Each of us has a platform – a place of influence, something to say, a tribe. Our platform is like a breathing organism: sometimes inhaling, sometimes exhaling; sometimes expanding, sometimes constricting.
Recently I watched a video clip of an interview with Warren Buffett. He talked about being interested in economics and finance from a very early age. He read finance books voraciously as an 11-year-old! I think it would be safe to say that Warren Buffett was born with a very large platform.
Some of us have much smaller platforms; in fact, we may feel we’re unimportant because of the size of our platform. We might even think we have no platform, no influence, no place from which to launch our particular gift to the world.
It’s easy to imagine that Jesus had a large platform – there were crowds, adoring fans, an outdoor banquet or two, people hanging onto His words. After all, He was a cosmic visitor.
Then again, maybe not.
His contemporaries didn’t have the New Testament or the Christian bookstore full of exposes on His words. He was one of many rabbis of the day. He traveled in small circles and never far.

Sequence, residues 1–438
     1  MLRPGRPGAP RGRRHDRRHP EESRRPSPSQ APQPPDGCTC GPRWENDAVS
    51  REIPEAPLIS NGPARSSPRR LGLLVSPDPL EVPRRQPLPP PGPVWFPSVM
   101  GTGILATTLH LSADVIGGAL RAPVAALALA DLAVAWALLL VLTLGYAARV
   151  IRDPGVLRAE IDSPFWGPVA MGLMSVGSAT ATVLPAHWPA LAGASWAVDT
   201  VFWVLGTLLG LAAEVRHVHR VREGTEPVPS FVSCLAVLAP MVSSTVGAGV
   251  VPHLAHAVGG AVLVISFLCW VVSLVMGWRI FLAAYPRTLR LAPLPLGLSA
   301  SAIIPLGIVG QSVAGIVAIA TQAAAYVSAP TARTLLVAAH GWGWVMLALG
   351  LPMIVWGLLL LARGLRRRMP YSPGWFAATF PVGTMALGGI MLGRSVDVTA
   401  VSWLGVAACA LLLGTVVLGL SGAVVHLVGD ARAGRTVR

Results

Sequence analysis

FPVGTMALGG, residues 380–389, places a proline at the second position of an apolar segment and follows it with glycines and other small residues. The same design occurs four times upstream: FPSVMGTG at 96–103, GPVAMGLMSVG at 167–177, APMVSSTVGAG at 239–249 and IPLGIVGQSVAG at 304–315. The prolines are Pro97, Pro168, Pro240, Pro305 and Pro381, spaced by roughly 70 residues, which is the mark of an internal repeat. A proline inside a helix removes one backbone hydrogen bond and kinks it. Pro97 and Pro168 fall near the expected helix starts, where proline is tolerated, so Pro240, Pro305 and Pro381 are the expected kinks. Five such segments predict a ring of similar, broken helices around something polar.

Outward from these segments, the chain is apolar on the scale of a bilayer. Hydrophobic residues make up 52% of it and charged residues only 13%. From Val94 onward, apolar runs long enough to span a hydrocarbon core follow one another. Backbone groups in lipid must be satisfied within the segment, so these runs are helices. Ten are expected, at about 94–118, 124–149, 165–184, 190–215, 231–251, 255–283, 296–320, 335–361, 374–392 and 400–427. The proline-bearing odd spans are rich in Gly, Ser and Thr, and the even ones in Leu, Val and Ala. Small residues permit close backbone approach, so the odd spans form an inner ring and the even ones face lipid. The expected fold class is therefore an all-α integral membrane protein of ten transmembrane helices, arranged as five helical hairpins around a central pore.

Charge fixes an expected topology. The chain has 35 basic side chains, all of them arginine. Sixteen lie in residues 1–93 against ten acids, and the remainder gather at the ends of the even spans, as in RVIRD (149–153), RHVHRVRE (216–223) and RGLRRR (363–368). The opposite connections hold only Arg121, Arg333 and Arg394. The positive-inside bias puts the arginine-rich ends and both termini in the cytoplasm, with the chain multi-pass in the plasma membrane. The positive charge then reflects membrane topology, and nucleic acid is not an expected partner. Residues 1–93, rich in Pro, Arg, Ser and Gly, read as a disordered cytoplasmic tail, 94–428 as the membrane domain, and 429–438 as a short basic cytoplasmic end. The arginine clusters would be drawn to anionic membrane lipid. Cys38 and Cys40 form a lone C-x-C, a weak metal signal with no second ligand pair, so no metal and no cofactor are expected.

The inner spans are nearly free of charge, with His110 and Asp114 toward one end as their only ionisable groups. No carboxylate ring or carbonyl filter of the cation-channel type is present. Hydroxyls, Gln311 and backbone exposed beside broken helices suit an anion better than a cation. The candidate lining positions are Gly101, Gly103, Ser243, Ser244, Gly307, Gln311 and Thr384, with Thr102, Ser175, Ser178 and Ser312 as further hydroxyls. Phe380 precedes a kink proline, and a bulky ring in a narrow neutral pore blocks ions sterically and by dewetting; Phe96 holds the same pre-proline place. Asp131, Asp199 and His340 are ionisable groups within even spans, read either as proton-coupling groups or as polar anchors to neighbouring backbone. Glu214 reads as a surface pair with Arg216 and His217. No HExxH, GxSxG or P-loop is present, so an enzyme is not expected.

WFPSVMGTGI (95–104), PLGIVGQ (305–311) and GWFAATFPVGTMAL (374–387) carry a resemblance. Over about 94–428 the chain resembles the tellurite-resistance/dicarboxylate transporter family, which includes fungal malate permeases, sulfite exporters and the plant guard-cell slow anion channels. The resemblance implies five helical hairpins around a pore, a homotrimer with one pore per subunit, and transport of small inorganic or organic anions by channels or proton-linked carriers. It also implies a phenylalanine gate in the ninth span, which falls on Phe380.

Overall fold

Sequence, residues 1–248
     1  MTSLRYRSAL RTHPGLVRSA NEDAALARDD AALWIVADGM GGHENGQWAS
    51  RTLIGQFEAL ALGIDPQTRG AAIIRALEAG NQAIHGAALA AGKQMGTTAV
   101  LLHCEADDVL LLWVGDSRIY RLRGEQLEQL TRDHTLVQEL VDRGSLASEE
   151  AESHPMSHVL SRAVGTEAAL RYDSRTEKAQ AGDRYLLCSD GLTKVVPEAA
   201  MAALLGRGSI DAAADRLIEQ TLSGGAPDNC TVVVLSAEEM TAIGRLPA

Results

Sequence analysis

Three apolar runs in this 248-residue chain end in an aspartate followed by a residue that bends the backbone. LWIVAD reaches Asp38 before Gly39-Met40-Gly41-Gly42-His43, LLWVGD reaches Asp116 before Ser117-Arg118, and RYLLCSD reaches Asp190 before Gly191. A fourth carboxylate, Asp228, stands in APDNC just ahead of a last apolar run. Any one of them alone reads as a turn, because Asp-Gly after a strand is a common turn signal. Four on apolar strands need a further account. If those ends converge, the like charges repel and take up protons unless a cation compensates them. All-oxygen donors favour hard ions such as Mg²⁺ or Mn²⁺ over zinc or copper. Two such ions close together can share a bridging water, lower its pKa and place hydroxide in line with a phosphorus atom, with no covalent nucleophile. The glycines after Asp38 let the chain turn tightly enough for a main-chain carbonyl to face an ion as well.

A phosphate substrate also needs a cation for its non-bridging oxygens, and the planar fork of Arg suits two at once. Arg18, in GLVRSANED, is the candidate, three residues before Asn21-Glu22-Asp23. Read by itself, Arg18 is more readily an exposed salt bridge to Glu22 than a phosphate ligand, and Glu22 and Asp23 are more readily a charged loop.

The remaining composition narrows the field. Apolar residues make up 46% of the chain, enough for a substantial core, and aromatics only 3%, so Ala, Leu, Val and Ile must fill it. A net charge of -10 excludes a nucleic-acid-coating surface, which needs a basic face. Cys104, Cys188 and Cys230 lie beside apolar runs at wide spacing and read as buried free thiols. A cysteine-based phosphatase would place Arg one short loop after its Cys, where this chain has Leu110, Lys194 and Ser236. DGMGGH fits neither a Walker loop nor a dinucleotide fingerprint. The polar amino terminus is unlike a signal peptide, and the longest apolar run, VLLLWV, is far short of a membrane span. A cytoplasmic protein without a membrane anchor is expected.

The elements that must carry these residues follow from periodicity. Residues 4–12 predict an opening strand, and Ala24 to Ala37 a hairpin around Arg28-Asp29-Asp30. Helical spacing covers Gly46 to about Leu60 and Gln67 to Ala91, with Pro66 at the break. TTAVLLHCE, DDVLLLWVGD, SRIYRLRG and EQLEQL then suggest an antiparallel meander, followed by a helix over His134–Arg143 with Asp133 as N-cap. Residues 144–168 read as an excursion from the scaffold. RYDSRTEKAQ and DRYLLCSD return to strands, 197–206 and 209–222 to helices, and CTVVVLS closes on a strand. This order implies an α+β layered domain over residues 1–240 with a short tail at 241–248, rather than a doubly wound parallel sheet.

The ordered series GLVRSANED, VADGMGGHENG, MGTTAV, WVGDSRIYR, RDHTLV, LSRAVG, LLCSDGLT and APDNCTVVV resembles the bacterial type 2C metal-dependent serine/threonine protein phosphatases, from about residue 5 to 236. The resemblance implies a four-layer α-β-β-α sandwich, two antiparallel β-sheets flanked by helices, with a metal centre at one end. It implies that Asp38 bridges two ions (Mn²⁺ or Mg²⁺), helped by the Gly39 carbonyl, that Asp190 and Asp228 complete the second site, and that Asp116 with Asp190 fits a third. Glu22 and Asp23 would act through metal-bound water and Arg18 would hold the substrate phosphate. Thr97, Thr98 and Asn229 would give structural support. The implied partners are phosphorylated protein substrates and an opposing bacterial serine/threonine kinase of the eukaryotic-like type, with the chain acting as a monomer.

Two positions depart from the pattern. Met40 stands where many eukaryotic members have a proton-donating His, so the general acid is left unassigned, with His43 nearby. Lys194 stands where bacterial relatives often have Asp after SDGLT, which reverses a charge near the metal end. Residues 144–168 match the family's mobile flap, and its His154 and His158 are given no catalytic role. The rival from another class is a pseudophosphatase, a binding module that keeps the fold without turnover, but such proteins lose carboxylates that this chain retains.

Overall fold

He was very, very local.
In reality, I think His platform was quite small compared to the impact of His life.
“But you, O Bethlehem Ephrathah, are only a small village among all the people of Judah. Yet a ruler of Israel will come from you, one whose origins are from the distant past.” Micah 5:2
So, do we think Jesus knew, while He was on earth, the impact of His life?
Could He peer through the future and see the significance of His words, His actions?
I don’t know the answers to those questions, but I do know the answer if I insert your name and my name.
No, we do not know the impact of our lives.
No, we are not privy to our influence.
No, we seldom get to see the significance of our calling.
Maybe we don’t even know the size of our platform. Maybe we think it’s small when God has built it big. Maybe we think that’s our platform over there, and couldn’t even imagine the reality of the one we’re actually standing on.
Which brings me to the point of all this.
Don’t worry about your platform…Jesus didn’t seem to.
It didn’t seem to bother Him that He was so very local, that He didn’t go into all the world and preach the gospel, that He didn’t heal all the people in the world. He just did His job – the one His Father told Him about every night when they chatted. He did what He was told to do – when the crowds were cheering, when it was uncomfortable, when it looked revolutionary, even when it got Him into big trouble.
Would that we could do the same.
Ann Halim is editor of eWeekend, a weekly newsletter for the College View Church in Lincoln, Nebraska.